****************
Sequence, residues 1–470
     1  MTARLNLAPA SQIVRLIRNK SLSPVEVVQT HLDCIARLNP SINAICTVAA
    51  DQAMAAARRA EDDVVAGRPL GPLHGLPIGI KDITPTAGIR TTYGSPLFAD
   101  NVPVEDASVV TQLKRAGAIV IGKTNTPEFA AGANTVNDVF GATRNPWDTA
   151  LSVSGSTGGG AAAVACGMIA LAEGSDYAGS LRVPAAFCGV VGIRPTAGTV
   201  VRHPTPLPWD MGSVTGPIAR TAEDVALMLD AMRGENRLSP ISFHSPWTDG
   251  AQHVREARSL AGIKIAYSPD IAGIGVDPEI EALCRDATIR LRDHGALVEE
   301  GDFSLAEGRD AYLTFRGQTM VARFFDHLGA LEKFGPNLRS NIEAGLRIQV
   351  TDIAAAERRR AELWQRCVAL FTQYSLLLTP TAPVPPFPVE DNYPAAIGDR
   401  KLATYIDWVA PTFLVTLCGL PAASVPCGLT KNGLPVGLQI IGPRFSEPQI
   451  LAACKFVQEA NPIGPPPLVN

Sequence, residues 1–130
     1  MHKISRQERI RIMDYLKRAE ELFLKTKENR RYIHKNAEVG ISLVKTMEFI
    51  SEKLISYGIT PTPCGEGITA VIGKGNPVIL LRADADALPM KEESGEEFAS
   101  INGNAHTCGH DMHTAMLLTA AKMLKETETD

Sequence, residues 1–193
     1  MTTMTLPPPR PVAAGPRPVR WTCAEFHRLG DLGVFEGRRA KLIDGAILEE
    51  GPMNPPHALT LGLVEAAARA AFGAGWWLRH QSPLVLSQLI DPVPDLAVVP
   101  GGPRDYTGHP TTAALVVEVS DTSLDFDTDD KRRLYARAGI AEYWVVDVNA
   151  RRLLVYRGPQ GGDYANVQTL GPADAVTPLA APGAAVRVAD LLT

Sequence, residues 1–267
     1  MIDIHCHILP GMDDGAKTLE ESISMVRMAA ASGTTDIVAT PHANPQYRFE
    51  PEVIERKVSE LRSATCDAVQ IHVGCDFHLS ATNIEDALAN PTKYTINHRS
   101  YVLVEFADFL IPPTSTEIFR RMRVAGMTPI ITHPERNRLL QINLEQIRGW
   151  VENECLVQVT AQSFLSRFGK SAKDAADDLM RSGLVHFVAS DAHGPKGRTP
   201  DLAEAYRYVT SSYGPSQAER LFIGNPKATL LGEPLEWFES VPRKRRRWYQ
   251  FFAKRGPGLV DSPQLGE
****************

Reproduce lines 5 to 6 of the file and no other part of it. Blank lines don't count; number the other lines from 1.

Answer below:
   151  LSVSGSTGGG AAAVACGMIA LAEGSDYAGS LRVPAAFCGV VGIRPTAGTV
   201  VRHPTPLPWD MGSVTGPIAR TAEDVALMLD AMRGENRLSP ISFHSPWTDG